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Managed services in the Amazon Web Services (AWS) cloud, versus the ol’ on prem! My, have times changed. No more calling or going down to the data center to rack, diagnose, or repair hardware. No more pets to care for. A new reality in which all things are immutable, and with a lower startup cost than ever.

Infrastructure-as-a-Service (IaaS) has really transformed the landscape, creating more of a level playing field for cost management, automation, and development. It can be the trusted ally that helps to reinforce the culture of DevOps in an organization, or simply just a tool for the little guy(s) getting started on their pet project, enabling it to blossom into business in record time.

Managed services is at the core of this revolution — providing the needed oversight and resources to help legacy businesses and startups alike to manage costs and optimize the tools provided as a benefit of AWS residency. One example of a tool that is provided in the AWS Cloud with no additional licensing cost is AWS Systems Manager — a powerful suite that enables advanced maintenance automation, configuration compliance, and inventory management. For free. SSM does more, but those are great highlights.

Let’s talk deployments. IaaS solutions like Cloud Formation or Terraform (yay Terraform!!) have really made things more efficient. Being able to select a template to deploy initial monitoring functions in minutes is incredibly useful. Everyone enjoys having what they want sooner, rather than later.

Additionally, integration of Puppet or Chef in OpsWorks for configuration management has really been useful for those clients that need it.

I don’t know about you, but setting up a MySQL cluster has never taken me a couple of minutes with my own hardware or any of the other managed services that it comes with. How about Amazon RDS — with automated updates, snapshots, and check box to make it a cluster?  Modifying the size of the instances is incredibly easy — allowing me to increase (or decrease) resources on the fly.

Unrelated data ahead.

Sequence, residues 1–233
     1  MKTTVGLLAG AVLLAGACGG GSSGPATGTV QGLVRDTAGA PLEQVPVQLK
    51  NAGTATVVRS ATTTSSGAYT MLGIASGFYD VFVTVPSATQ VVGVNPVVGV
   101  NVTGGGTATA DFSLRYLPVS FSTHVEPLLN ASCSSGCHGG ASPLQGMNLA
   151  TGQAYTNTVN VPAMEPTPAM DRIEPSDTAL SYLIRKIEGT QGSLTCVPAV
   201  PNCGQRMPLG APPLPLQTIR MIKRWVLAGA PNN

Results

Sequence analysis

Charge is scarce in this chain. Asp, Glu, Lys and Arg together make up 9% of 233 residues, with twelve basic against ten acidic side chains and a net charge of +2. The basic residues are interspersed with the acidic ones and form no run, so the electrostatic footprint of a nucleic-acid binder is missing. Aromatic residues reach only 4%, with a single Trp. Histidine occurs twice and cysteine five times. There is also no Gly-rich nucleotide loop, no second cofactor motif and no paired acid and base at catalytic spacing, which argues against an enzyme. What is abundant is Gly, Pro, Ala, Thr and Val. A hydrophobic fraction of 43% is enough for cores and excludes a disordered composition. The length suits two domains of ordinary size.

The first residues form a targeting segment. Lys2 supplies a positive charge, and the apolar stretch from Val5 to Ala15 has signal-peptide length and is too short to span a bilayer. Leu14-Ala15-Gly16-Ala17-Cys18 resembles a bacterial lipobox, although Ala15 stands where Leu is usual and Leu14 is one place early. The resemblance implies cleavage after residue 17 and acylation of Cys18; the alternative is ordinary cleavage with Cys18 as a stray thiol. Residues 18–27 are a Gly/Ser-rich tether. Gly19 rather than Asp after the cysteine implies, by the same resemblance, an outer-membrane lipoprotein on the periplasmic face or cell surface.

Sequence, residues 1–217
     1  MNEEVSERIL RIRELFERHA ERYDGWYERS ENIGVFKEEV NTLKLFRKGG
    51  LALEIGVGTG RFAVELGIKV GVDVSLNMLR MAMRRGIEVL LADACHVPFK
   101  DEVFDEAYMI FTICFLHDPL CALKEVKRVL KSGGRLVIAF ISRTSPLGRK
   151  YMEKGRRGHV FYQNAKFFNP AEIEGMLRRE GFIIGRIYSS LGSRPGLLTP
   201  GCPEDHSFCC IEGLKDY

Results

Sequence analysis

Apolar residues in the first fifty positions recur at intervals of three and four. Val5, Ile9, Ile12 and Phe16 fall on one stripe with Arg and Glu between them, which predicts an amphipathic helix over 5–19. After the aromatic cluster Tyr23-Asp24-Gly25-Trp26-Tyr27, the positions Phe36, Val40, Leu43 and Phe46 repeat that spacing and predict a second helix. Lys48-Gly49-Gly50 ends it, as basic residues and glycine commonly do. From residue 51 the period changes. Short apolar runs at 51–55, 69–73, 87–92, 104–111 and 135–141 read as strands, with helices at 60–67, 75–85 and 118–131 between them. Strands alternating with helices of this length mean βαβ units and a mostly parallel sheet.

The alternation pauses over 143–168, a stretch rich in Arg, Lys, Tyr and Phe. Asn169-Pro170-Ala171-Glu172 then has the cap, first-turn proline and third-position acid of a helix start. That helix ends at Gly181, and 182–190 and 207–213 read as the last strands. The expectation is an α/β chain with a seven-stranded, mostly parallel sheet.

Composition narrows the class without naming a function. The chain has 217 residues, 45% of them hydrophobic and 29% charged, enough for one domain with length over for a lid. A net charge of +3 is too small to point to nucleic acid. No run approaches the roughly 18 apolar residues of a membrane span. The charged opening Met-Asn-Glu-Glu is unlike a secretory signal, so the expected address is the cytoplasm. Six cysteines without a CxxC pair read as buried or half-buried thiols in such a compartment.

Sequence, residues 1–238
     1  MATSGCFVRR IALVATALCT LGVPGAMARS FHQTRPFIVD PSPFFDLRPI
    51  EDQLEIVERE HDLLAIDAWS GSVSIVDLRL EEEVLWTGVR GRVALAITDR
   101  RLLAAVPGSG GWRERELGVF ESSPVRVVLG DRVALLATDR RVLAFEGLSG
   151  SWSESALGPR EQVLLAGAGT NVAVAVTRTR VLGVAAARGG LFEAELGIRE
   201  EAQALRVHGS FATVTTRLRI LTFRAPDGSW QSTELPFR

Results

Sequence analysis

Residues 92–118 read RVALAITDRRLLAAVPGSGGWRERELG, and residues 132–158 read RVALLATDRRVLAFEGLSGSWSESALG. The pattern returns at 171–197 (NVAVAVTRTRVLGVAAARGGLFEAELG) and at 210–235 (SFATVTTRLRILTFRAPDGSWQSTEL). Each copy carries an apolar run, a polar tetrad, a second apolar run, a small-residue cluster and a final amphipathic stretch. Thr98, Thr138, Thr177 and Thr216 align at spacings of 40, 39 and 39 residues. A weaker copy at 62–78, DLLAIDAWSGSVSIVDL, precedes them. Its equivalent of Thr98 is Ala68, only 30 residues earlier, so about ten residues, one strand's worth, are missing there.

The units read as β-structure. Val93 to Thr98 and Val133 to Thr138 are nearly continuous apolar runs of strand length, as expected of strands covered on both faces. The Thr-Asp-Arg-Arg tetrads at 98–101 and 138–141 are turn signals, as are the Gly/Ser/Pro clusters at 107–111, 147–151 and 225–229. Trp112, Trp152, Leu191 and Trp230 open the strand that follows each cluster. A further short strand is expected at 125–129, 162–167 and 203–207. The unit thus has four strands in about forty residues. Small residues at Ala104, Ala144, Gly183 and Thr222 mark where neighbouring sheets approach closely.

Just the separation of monolithic services being broken down into microservices (email not on my web server? Yes please) and updating anything with the equivalent of a flick of the wrist, is so much more efficient. Just by updating my code, committing with Git, getting a quick pair of eyes on my change in a PR review, merge, and push, I can make a tiny change — or rebuild the entire infrastructure. Or, even better, our client’s dev team can make those changes, then we, as their partner, we can review and suggest changes or execute.

Having the community culture of DevOps in Managed Services, while providing best practices and structure so developers can focus more on OMG PLEASE WORK and less on the underlying infrastructure, so they can ensure maximum efficiency. Helping clients get their deployments out in a fast and timely manner is liquid gold to their business.

Having worked in the traditional on premise for many years before adopting AWS as an IaaS, I really enjoy the change. Being able to work more efficiently at hitting and exceeding client expectations, while increasing profitability, is a dream scenario for all MSPs.